Nothing like a "cocktail hour" to get the conversation juices going

Trinity Theatre Company Welcomes its 12th Season with a Western Play that Resonates 

A Blog View by Alejandra Enciso-Dardashti

The Cocktail Hour. Photo Courtesy of Trinity Theatre Company

Trinity Theatre Company kicked off their 12th Grown Up Stage (GUS) season in their new space in Mission Valley Mall with the staging of A.R. Gurney's The Cocktail Hour, under the direction of Jaeonnie Davis-Crawford.

The Cocktail Hour. Photo Courtesy of Trinity Theatre Company

A fun fact is that 'Cocktail Hour premiered at The Old Globe in 1988, to then be produced on Off-Broadway. A story that entails a very Western family in upstate New York during the seventies where the patriarch Bradley (David Janisch) has a sacred cocktail hour before dinner and with added rules. Bradley and Ann (Sharonfaith Horton) have three kids, John (Bobby Imperato), Jigger (who is just mentioned and makes a phone call that the audience does not get to listen to), and Nina (Hannah Luckinbill). All three are adults and have their own families. Jigger and Nina stayed local while John did not. A publisher in his day job whose real career love is being a playwright. With a few plays with some success under his belt, John goes back home to visit his parents and "ask permission" to produce his latest play titled "The Cocktail Hour", based on his family and a therapeutic exercise if you will where he cleanses the demons in his upbringing. Bradley will not have it and commands John not to produce it until both he and Ann have passed. The real cocktail hour goes on longer because the maid is unable to cook a roast. As the alcohol levels rise, words are exchanged, and truths come out.

The Cocktail Hour. Photo Courtesy of Trinity Theatre Company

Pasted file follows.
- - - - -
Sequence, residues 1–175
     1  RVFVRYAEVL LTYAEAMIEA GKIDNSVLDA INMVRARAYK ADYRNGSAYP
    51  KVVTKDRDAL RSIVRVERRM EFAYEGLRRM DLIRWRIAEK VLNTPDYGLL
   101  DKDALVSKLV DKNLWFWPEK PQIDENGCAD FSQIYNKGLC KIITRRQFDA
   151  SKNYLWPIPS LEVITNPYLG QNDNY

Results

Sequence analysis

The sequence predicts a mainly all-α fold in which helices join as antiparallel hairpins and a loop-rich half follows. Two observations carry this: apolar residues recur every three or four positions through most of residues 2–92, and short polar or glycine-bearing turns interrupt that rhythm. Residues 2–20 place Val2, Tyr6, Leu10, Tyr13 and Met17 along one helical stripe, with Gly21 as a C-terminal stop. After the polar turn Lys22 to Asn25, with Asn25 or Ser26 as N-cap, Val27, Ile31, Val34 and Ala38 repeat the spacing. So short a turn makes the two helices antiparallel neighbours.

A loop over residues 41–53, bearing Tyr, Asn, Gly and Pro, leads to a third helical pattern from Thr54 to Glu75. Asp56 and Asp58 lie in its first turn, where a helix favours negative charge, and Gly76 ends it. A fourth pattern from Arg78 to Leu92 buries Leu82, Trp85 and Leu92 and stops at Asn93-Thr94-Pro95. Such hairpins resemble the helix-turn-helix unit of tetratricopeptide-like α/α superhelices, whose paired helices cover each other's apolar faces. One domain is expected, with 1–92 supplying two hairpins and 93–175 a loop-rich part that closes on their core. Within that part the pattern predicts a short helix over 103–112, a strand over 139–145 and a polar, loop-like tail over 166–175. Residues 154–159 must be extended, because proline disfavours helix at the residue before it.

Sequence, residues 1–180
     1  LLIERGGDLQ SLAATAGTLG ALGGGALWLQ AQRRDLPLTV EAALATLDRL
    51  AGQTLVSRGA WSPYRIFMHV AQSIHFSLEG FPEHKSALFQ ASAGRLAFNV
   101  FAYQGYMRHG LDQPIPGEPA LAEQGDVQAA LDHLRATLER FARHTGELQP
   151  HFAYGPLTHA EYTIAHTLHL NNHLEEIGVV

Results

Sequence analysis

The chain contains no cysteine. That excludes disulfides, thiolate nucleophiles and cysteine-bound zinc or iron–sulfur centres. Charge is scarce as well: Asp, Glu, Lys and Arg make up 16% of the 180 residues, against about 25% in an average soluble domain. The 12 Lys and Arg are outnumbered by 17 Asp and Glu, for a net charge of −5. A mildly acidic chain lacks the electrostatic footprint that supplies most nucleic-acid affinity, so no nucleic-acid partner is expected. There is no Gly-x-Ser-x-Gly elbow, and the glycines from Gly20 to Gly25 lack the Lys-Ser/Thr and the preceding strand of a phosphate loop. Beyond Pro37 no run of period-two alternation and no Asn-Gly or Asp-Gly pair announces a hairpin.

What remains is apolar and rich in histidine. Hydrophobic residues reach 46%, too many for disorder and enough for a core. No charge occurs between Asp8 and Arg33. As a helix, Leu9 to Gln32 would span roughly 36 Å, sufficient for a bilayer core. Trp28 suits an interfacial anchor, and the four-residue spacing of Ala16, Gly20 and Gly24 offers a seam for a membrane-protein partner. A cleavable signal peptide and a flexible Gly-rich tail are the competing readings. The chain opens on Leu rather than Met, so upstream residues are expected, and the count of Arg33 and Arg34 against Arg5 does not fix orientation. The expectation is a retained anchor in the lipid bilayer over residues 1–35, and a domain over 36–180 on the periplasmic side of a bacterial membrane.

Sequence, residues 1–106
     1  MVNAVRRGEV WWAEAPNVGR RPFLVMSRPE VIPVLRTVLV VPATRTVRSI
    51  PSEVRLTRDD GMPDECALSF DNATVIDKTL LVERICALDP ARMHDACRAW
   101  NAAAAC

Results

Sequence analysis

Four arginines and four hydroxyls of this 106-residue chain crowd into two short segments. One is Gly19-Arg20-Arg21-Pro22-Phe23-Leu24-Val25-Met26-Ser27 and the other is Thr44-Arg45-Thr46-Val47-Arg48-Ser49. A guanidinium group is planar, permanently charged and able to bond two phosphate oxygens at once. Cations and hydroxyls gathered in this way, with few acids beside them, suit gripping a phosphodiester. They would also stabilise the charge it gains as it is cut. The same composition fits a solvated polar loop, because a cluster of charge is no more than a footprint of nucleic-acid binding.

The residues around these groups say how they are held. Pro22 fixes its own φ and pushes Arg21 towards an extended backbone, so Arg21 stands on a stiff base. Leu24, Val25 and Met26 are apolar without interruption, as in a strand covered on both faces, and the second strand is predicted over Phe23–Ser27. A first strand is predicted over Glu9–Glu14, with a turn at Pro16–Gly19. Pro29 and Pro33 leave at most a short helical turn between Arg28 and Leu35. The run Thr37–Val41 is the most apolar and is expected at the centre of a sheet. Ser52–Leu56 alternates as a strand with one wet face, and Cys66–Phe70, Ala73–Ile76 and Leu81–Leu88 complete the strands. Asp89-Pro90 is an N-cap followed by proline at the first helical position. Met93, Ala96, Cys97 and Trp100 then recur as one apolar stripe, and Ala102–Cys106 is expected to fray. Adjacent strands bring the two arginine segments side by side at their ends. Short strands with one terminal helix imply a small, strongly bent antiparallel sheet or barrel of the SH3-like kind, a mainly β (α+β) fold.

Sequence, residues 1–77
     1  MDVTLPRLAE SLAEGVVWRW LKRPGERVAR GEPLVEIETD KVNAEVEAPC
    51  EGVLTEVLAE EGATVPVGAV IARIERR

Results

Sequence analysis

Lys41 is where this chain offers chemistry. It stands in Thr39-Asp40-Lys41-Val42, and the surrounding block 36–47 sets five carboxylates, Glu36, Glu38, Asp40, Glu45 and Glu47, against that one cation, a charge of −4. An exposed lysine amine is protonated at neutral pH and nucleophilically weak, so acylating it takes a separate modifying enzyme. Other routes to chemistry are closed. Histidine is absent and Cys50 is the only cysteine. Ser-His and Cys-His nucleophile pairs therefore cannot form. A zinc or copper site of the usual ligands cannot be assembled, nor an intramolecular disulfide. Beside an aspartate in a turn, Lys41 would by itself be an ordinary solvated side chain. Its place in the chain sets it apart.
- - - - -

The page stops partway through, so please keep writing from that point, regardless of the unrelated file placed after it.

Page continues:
The experience was definitely unique and Trinity's new space is pretty cool and functional. Jaeonnie Davis-Crawford's direction was precise bringing raw feelings to the stage, which set a common ground for the audience to reflect and draw their own conclusions. Even though the family is a middle-upper-class, white, white one, the play allows space for one to recognize (remember) their own uncomfortable conversations with parents and family members. The histrionic weight stands on both Bobby Imperato as the no-filter/fed-up son, who now wants to live life to the fullest, and David Janisch who is hilarious, stubborn, and vulnerable as Bradley. The two-hour performance moves at a good pace having also entertaining interactions with Sharonfaith Horton as the mom, and Hannah Luckinbill as the younger sister Nina. 

It is praiseworthy to see Trinity Theatre embrace plays like this to give it their sense and feel.

Looking forward to the rest of their season.

You can still catch a performance of The Cocktail Hour with their final performances happening this weekend Friday through Sunday. For more information on ticket prices and showtimes please click here.

Check out my interview with the Director Jaeonnie Davis-Crawford

No comments:

Post a Comment